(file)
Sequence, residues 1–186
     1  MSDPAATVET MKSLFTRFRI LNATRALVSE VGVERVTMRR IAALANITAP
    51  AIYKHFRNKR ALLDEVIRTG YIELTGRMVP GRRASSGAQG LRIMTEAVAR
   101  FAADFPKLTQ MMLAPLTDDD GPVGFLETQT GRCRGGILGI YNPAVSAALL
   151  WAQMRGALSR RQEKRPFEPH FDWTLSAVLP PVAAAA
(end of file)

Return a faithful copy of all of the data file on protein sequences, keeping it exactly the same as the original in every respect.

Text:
Sequence, residues 1–186
     1  MSDPAATVET MKSLFTRFRI LNATRALVSE VGVERVTMRR IAALANITAP
    51  AIYKHFRNKR ALLDEVIRTG YIELTGRMVP GRRASSGAQG LRIMTEAVAR
   101  FAADFPKLTQ MMLAPLTDDD GPVGFLETQT GRCRGGILGI YNPAVSAALL
   151  WAQMRGALSR RQEKRPFEPH FDWTLSAVLP PVAAAA